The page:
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How to Care for Your Aerial Lift: Tips for Preserving Your Equipment

How to Care for Your Aerial Lift: Tips for Preserving Your Equipment

How to Care for Your Aerial Lift: Tips for Preserving Your Equipment

Reading time: 6 min

Aerial lifts are an essential type of heavy equipment capable of hoisting workers high into the air to reach hard-to-access work areas. While they’re most commonly used in construction, aerial lifts are versatile machines with applications in numerous industries, from manufacturing to film production.

Some popular types of aerial lifts include boom lifts, cherry pickers and scissor lifts. While each type of aerial lift has a different design, they share the common purpose of providing workers with a stable work platform at great heights.

Like all heavy equipment, however, aerial lifts need to be properly maintained in order to operate efficiently and safely.

Because falls continue to be the most common cause of fatal construction accidents, it’s of paramount importance that operators and fleet managers understand how to properly maintain aerial lifts.

In this guide, we’ll go over the basics of aerial lift maintenance, including preventive maintenance guidelines and safety best practices. Through properly maintaining your aerial lift, you can improve your team’s efficiency and keep them safe.

Preventive Maintenance for Aerial Work Platforms

Aerial Lift Battery Maintenance

As aerial lifts are commonly used for indoor applications, many models are battery-powered. Properly caring for the lift’s battery represents one of the most important preventive maintenance objectives.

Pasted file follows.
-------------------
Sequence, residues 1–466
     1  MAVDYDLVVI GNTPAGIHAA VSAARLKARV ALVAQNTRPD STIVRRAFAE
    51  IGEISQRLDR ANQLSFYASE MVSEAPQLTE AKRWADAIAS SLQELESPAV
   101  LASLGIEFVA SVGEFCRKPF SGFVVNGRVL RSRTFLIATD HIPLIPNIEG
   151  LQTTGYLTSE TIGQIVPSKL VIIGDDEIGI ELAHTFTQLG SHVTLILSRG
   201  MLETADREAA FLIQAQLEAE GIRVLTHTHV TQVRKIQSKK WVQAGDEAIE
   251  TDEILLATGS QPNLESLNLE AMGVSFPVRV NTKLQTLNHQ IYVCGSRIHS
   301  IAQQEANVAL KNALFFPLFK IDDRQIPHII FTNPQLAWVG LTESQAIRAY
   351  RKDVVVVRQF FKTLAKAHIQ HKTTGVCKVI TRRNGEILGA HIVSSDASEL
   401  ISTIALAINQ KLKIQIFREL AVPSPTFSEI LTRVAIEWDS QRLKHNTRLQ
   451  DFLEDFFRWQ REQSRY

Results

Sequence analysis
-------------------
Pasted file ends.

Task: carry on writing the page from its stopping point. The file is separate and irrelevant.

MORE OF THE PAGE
Generally, battery-powered aerial lifts feature deep cycle batteries. A deep cycle battery is a particular type of battery designed to supply consistent power over a sustained period of time.

In most cases, aerial lift batteries are also flooded, meaning the battery’s cells are submerged in an electrolyte solution which must be regularly topped off with distilled water.

To get the most out of your aerial lift’s battery, you should implement a few simple practices:

  • Flooded batteries should be watered (topped off) after each charge
  • Only use distilled water for flooded batteries, as impurities in the water may corrode the battery’s cell plates
  • Do not over water your aerial lift’s batteries;, the water level should rise to about 1/4" below the well cover
  • Always keep your batteries clear of dirt and debris
  • For a longer battery life, deep cycle batteries should never be discharged beyond the level recommended by the battery’s manufacturer
  • Prior to storing, fully charge the battery and disconnect it from the machine
  • During periods of activity, store the battery in a cool, dry place where temperatures will not drop below freezing